Oedipus speech demanding the people to reveal the murderer in the initial part of the play is an important instance of dramatic irony. Little does he realize that in cursing Laius' murderer to live in wretchedness, he is cursing himself. This curse does indeed come true when in the end of the play Oedipus and his family are doomed to a life of pain and suffering. Another important instance of dramatic irony is a little later in this same section when the old soothsayer visits the king. When Oedipus beings to ridicules Teiresias' blindness, he is turn predicts and unusual circumstance. The angry prophet warns that while Oedipus can see, he is actually 'blind' (that means he will be denied the truth) whereas when he will turn blind (i.e. lose his eyesight) only then will he be able to see (or realize) the truth. It is also ironic that old Teiresias who has no eyesight can perceive reality accurately.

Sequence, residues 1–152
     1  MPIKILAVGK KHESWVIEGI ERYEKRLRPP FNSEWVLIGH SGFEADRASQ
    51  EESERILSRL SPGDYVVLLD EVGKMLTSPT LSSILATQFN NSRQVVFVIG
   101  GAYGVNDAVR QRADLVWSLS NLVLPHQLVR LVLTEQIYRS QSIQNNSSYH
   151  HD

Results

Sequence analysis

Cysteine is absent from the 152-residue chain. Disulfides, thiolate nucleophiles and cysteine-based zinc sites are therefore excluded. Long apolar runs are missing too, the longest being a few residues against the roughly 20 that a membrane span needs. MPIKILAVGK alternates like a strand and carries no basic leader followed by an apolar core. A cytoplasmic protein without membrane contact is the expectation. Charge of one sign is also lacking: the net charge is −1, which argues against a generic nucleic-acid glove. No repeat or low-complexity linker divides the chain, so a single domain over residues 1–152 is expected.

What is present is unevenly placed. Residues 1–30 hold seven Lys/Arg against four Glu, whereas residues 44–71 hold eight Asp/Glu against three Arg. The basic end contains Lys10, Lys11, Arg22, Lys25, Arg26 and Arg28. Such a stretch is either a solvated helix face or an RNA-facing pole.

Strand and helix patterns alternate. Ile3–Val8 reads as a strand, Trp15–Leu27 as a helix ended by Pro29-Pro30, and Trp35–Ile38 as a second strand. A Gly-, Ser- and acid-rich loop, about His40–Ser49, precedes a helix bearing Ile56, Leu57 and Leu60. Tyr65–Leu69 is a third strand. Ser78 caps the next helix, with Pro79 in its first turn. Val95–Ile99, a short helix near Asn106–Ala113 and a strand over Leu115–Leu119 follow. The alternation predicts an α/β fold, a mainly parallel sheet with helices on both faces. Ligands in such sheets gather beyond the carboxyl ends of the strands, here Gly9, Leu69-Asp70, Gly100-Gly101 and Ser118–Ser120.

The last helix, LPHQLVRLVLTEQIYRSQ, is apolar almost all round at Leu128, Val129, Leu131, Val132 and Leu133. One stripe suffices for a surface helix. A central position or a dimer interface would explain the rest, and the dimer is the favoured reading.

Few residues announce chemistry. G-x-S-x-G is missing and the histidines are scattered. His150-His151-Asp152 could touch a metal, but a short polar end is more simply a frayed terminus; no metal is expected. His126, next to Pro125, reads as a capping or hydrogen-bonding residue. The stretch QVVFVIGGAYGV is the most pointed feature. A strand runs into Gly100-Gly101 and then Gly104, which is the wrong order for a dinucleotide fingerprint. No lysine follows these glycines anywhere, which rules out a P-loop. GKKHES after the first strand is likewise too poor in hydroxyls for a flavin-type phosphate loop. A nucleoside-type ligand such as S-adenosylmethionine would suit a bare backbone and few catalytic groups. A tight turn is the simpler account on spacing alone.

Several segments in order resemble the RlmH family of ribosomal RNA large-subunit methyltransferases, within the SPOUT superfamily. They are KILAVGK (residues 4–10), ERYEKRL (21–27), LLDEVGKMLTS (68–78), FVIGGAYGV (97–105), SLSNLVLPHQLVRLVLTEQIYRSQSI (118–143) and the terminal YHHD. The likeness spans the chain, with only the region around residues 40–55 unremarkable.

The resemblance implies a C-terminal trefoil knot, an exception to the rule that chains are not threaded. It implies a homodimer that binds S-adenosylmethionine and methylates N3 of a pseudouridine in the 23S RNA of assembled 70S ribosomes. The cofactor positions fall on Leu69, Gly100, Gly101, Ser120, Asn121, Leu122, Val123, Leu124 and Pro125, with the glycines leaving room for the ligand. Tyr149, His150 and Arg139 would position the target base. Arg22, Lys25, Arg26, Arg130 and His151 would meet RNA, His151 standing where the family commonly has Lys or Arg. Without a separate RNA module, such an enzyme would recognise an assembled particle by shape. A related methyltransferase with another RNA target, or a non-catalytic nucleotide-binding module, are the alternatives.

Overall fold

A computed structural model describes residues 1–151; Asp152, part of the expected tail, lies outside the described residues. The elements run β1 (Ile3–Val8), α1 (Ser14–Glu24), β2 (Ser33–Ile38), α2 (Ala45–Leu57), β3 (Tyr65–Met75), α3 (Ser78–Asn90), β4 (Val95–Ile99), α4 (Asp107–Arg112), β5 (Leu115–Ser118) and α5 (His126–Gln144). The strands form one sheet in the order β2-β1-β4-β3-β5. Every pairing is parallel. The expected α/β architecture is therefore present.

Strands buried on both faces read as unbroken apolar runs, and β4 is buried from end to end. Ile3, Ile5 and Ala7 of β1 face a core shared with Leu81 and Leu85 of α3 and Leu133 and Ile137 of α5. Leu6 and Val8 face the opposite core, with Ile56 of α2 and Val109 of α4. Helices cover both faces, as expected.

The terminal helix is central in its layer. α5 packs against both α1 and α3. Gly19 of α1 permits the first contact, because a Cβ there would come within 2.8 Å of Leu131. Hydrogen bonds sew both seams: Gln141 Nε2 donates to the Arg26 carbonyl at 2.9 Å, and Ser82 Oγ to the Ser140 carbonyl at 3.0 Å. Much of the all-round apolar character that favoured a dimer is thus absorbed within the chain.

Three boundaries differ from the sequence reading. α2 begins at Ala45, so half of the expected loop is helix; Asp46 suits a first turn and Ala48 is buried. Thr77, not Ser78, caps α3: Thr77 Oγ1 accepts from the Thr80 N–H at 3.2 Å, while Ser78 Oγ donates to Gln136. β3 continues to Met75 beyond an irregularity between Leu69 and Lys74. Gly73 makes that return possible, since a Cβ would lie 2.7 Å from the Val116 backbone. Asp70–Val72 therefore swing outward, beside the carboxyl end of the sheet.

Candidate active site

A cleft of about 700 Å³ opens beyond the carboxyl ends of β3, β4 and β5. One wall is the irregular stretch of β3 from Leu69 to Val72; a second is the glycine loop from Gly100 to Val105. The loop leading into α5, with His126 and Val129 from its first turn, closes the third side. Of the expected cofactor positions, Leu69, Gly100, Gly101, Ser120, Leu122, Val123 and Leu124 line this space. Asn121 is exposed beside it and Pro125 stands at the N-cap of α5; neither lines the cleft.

There are many other instances of dramatic irony in the play. In the very first scene (the prologue), Oedipus praises himself as a great and famous king, and he says that "once more I must bring what is dark to light". But for a spectator who knows the myth of Oedipus in advance, Oedipus’s confidence and self-appreciation itself is ironic. When he adds that he will act on his own interest "and not as though it were for some distant friend/ but for my own sake, to be rid of evil", we understand the bitter and the unconscious dramatic irony. We understand that he is actually going to get rid of the evil of arrogantly taking fate in his hands and deliberately doing things that he doesn't understand, though he means it in quite another sense. Without realizing the darkness forthcoming in his life, he proclaims what is to be done to the murderer, and he decks a number of curses upon his own head! The curse is painfully ironic:
I pray to God -
I pray that that man's life be consumed in evil and wretchedness.
And as for me, this curse applies no less If it should turn out that the culprit is my guest here...